~/.config/lxsession/LXDE-pi with this as contents: @lxpanel --profile LXDE-pi @pcmanfm --desktop --profile LXDE-pi @xscreensaver -no-splash @point-rpi @xset s off @xset -dpms @xset s noblank @chromium-browser --disable-restore-session-state --disable-infobars --disable-session-crashed-bubble --noerrdialogs --kiosk https://dakboard.com/app?<your dakboard> http::/url1 https://flightaware.com/miserymap/ http://url2:1880/ui/#!/0 http://url2:1880/ui/#!/2 http://url2:1880/ui/#!/3 http://url2:1880/ui/#!/5
The Xset commands disable screen timeout and screen saver. The options on the browser line put it in kiosk mode (no menus, no top bar, take over the whole screen).
The key here is that if you list multiple URLs on the browser start line it will open a tab on each one. Then I use an add-in called “revolver” that jumps tabs every 15 seconds. Bingo, you have a whole-home infocenter!
I also have three Raspberry Pis that run the FlightAware ADS-B tracking system. They pick up aircraft within about 200 miles of me via their transponders and show altitude, location, and other information on a map. Always pretty cool to see all the hardware over your head. You can see what my sites are tracking at flightaware.com. I just have one of the trackers in the kiosk rotation, mostly for the weather radar background.
Other displays the kiosk shows is the Flight Aware Misery Map – I used it a lot when I traveled, and then a custom display from Dakboard that integrates calendars, news and weather. All around pretty useful to get a snapshot of the day. The gray bars are covering my calendar. 🙂
Snoop your neighbors!
Some of the more “fun” projects are a little more esoteric – I have a Pi that is “snooping” the 433Mhz band for “information” using the RFLink receiver/transmitter. They aren’t developing it much, but there are other solutions – I’ve also tried RFXCOM and it gives similar results.
433 MHz is a free-for-all radio band used by the cheapie remote controls, some wireless alarm systems, the wireless thermometers you by at the super store, etc. There’s a bunch of information at domoticz.com, and I’ve managed to grab my outdoor thermometer and several of my neighbors’ as well. It integrates with MQTT so it’s super easy then to display that info on my dashboard:
I also have a Pi running a Pimorini Enviro-HAT and an add-on particulate sensor. That’s a neat little device that reads a lot of environmental data and (of course) can put it on MQTT so then it’s simple to output to the dashboard:
It’s very interesting to see the particulates change when I open the windows in my office and the readings on the gases chart move around – I’m still trying to figure out what are “good” readings and then the best way to display them. The sensor shows the readings in ohms (resistance) of the sensors and they suggest just looking at trends. So when I have time I’ll work up some graphs for it.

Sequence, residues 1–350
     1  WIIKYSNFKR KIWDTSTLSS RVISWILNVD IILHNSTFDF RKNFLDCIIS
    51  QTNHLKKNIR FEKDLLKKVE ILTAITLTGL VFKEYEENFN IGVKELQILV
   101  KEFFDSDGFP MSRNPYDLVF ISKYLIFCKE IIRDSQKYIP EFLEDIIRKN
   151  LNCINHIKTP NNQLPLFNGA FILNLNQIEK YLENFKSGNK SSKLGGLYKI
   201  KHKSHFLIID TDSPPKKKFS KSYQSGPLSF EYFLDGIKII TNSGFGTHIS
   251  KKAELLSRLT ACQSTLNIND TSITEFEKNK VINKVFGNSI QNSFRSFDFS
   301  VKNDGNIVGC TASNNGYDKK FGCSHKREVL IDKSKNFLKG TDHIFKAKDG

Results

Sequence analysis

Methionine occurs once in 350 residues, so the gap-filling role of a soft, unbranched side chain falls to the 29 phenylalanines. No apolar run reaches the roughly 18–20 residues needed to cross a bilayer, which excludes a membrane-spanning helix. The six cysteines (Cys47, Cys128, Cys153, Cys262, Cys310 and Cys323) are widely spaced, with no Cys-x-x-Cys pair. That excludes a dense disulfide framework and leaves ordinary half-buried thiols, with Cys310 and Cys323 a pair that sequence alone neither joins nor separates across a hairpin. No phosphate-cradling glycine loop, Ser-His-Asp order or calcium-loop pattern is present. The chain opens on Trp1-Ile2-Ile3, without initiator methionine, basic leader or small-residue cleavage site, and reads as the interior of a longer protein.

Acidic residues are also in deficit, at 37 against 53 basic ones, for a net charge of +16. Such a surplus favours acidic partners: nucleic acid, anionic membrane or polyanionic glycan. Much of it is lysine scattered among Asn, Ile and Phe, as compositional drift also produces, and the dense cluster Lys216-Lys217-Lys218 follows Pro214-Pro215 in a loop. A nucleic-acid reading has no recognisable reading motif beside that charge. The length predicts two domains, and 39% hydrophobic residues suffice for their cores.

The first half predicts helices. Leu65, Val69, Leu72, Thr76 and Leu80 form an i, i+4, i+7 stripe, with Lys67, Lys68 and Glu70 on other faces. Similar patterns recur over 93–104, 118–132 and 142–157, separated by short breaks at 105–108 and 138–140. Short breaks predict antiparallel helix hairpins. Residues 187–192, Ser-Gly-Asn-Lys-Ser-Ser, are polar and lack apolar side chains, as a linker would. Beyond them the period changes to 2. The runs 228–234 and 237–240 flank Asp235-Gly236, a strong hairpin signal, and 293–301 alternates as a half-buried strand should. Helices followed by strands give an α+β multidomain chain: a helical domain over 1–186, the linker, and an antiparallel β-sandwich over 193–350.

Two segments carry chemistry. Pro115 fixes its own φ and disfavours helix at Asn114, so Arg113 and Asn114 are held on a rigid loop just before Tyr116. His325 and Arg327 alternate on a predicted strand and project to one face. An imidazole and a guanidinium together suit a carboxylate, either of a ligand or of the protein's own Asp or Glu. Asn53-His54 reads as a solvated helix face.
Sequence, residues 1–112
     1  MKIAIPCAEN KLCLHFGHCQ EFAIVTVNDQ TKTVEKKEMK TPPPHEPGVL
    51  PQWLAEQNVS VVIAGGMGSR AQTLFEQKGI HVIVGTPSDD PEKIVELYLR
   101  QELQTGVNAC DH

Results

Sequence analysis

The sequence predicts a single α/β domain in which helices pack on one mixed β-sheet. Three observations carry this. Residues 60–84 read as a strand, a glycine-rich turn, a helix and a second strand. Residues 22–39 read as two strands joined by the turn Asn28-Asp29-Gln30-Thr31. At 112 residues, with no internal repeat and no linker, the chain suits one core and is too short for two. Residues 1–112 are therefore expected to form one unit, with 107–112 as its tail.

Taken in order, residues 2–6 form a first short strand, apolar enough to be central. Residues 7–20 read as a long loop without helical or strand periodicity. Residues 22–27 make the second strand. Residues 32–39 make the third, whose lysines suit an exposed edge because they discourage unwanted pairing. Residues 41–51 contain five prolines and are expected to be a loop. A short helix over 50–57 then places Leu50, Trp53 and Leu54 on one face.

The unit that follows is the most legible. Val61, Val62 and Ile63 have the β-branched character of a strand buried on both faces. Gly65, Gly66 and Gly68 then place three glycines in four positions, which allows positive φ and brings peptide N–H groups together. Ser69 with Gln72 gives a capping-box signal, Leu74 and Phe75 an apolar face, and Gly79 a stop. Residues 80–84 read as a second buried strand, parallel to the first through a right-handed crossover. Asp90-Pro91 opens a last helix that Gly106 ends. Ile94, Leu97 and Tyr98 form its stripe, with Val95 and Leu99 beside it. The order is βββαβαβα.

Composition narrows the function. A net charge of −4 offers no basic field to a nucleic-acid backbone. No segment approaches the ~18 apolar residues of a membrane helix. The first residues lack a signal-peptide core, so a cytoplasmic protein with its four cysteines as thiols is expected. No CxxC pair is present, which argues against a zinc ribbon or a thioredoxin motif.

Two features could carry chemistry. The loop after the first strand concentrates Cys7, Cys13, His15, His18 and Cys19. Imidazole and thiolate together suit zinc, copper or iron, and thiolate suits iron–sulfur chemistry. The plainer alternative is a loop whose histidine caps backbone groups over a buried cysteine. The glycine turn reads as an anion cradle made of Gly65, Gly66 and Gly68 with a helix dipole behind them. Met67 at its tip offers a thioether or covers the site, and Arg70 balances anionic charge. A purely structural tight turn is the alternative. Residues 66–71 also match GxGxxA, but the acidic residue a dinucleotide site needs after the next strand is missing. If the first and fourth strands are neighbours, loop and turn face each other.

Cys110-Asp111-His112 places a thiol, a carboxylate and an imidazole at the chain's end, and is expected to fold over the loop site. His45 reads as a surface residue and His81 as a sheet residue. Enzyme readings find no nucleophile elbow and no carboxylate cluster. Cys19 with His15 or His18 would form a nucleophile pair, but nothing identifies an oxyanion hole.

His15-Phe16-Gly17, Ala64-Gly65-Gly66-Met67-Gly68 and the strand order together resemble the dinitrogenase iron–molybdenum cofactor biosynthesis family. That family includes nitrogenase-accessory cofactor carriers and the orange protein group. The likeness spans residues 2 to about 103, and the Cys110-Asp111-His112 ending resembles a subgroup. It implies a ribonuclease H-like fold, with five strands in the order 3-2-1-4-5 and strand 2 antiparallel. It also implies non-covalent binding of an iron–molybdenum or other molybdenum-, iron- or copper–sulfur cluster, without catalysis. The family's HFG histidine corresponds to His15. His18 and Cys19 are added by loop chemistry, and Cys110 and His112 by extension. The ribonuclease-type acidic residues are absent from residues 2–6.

Driven by data
Finally my main server also calls out to a few places to get info – creating a stock portfolio display (info by IEX), a “lake status” display (info from US Geological Survey) and a weather display (info from the US National Weather Service ):
I just recently added some automation to my front window blinds too – using Tilt’s “My Smart Blinds” hardware, and they can be controlled by Alexa. Not sure yet if I can hack the open/closed status but I’m working on it.
Everything is controlled by Alexa – so I have several routines set up for morning, going to work, coming home at night and bedtime. Light controls, reports and all kinds of status updates can be had by just asking her vitally important things like “Alexa, what’s the temperature of the wine refrigerator?”
Did you know she can also talk to Node-RED? Check this out https://alexa-node-red.bm.hardill.me.uk/docs This configuration allows Alexa to call Node-RED which reads the device inside my wine refrigerator and returns the temperature. I do the same for the Outside Garage sensor that is snooped by Domoticz. The flows are simple, but the results are fun and informative!
Now I can say “Alexa, time for work!” and she dims or turns off most of downstairs, turns on the stairway lights, my office lights, cabinet and desk lights and finally tweaks the thermostat so it’s more comfortable upstairs in my office than downstairs! Fun!
Just one more thing, that has nothing to do with home automation or work desktop – I’ve also discovered that an old IBM AS/400 makes a great end table! This one still boots up, passes all tests and has working drives and console. Not sure what I can do with it but it sure makes for a good room heater and white noise generator! And when you’re working from home as much as we all are now, making your work space work for you has never been more important.
Yes, I’ve gone a little overboard here at Casa de GG, but it’s fun and it keeps my skills somewhat sharp. Since I’m helping run the IBM Developer website and the Call for Code campaigns, I need to get back to my engineering roots every now and then! It’s fun, impresses visitors and makes my family roll their eyes at me! What could be better than that??